Itโ€™s possible that the problem could be environmental instead of with the part itself. Generally, water or other contaminates getting into the bushings is the leading cause for a squeaky control arm and a little lubrication can usually clear that up, but there could be other factors at play. We sell a good deal of Moog parts to a lot of satisfied customers so we like to get to the bottom of any complaints about one of their products.

      If you would like to give our customer support line a call at 1-888-406-2330 and ask for our onsite ASE mechanic maybe we can get some more details and help you cut that awful noise.

      1. Actually the bushing itself is wearing away. This is only after a few months. The first set I thought maybe was a defective part except both sides were the same. So I get the warranty second set and it’s been maybe four months and here we are again. Same issue. And it’s not installed incorrectly because installer is L1 cert control arms are not rocket science to install.

        I am very disappointed with the r series control arms. I am on the second set and needing to get the off my car yet again! They don’t even last more than three months before they are squeaking and need to be swapped out again. Lifetime warranty yea but that doesn’t cover getting them changed every few months because they are a garbage product. Made in China surprise. This time whe I take them off I’m not making the mistake of putting another set on.

        1. Hey Stephanie,

          We are right there with you about those rubber bushings. They can provide a smooth ride and provide a barrier between the metal parts on your vehicle but they just donโ€™t last. Polyurethane bushings can provide better handling and should last the life of your vehicle.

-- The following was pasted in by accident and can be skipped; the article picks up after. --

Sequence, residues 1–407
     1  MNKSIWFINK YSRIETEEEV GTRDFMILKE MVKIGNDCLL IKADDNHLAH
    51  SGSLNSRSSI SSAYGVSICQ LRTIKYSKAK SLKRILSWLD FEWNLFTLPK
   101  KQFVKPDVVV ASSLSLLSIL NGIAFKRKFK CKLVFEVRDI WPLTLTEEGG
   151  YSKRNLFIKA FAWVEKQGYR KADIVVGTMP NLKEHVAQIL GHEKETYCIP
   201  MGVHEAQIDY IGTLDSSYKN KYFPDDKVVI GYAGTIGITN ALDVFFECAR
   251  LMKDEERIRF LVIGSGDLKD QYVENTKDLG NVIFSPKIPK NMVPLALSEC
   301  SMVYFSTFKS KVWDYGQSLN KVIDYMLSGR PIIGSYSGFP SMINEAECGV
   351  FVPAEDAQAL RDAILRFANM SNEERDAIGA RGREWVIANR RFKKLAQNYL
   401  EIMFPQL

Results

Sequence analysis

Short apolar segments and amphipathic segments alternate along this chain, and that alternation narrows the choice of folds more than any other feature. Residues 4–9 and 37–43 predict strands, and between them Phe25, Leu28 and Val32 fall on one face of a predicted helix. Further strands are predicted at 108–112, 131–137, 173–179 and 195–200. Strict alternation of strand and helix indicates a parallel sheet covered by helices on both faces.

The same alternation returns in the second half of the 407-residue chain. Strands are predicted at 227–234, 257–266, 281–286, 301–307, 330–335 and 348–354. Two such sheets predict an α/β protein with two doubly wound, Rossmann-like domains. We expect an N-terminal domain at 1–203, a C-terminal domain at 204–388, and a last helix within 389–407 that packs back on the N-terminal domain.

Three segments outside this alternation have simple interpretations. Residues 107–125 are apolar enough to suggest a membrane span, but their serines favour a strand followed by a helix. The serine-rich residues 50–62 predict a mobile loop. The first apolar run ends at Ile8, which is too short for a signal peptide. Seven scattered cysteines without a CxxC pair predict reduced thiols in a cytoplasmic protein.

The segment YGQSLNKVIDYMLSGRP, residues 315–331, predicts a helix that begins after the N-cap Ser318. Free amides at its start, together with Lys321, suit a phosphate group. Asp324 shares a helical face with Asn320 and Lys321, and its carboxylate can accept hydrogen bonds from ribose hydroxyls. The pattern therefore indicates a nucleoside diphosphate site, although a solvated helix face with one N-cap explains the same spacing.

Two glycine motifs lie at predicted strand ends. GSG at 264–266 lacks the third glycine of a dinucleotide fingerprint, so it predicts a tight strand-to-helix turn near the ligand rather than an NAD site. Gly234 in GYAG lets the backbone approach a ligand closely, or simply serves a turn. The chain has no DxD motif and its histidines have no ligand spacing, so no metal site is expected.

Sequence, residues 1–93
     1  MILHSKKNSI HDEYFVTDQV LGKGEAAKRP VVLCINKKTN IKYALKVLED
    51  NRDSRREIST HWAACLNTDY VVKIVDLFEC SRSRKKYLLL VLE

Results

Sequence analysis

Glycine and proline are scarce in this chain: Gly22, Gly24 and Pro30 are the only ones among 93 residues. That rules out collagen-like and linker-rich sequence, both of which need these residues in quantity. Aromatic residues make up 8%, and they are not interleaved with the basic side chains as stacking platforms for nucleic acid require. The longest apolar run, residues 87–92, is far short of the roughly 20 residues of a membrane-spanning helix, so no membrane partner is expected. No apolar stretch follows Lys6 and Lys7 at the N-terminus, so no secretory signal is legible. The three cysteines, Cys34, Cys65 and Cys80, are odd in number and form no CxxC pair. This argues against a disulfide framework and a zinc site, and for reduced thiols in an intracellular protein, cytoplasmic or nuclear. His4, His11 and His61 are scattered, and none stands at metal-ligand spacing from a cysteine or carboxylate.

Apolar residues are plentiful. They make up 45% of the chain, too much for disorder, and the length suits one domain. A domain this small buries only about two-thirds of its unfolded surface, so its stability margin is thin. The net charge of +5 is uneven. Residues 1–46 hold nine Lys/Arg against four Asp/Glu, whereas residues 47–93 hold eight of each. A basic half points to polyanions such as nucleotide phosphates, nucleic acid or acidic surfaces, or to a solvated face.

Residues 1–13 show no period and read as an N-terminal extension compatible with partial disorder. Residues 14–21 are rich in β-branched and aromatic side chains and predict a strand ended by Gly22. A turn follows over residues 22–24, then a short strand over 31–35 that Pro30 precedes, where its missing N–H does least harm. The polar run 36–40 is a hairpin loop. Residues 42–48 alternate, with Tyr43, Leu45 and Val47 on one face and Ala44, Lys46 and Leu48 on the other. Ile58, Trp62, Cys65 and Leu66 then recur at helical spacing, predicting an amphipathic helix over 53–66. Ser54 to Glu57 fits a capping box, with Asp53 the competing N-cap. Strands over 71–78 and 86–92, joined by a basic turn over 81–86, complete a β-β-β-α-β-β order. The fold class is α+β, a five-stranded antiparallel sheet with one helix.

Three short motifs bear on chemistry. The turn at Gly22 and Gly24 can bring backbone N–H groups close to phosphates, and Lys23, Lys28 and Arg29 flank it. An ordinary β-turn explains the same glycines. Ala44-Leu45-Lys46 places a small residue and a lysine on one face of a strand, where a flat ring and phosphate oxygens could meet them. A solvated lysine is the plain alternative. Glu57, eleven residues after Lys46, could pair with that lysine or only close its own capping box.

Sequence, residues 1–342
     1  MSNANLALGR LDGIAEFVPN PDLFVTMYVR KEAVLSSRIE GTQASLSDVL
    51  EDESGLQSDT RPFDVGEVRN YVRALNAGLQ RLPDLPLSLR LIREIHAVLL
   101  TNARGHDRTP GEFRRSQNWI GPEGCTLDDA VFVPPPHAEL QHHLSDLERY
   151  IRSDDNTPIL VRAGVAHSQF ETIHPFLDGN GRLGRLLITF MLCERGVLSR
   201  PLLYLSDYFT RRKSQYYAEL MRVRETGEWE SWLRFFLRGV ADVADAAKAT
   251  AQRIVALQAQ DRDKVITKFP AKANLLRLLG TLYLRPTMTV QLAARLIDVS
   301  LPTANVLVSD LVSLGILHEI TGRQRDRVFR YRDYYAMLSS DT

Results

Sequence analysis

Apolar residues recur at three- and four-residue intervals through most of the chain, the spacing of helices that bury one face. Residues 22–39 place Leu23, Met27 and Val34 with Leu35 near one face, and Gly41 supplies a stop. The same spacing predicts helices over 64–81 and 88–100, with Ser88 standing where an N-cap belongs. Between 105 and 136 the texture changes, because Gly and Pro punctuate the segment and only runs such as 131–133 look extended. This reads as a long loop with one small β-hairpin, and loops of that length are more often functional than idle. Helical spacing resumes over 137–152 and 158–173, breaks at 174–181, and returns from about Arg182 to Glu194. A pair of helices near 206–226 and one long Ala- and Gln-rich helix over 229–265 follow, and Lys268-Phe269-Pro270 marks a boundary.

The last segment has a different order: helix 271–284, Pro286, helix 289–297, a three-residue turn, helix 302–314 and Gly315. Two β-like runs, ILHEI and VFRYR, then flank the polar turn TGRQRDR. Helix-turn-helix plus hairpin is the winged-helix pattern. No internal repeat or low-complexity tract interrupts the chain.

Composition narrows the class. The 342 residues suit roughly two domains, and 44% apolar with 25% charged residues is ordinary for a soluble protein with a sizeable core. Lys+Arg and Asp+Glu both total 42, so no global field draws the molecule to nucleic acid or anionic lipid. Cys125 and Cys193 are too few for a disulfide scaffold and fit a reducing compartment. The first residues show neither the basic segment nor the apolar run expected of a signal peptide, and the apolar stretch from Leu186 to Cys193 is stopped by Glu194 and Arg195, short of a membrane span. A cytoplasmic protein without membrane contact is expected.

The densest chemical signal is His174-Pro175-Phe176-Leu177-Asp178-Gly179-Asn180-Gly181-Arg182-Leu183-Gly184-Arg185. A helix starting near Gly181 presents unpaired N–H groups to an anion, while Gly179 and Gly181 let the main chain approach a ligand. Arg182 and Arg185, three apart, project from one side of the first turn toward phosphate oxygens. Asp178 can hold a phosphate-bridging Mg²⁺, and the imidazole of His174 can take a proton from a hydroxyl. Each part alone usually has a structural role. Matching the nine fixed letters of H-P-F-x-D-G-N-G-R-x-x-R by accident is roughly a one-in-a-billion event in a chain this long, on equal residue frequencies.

Rubber Vs Polyurethane

          It sounds like you’re putting your vehicle through a lot so you might consider looking at a hardier bushing set. Here is a blog post comparing rubber and polyurethane bushings if you would like some more information. I hope this helps.

          Has anyone tried replacing some worn out rubber bushings with polyurethane? How did it turn out? We would love to hear about it!

          1. I am not putting my vehicle through anything, dry highways and sunny days, and these moog-crap RK series control arms and bushings are falling part in less than a year. I went to toyota a few weeks after I installed these control arms and they called be back to the repair bay and said these control arms are worn out…

            I bought front lower control arms (RK620524 & RK620525) and fell apart in less than a year. RK=cheap, so cheap the boot on the ball joint is falling apart. the bushings are coming apart. I have very nasty torque steer now. DO NOT BUY. Moog suspension parts and energy suspensions parts will only replace the part with the same cheap part, meaning I will have to take this car apart again-is this their plan all along on selling parts?

          2. Hey Wil,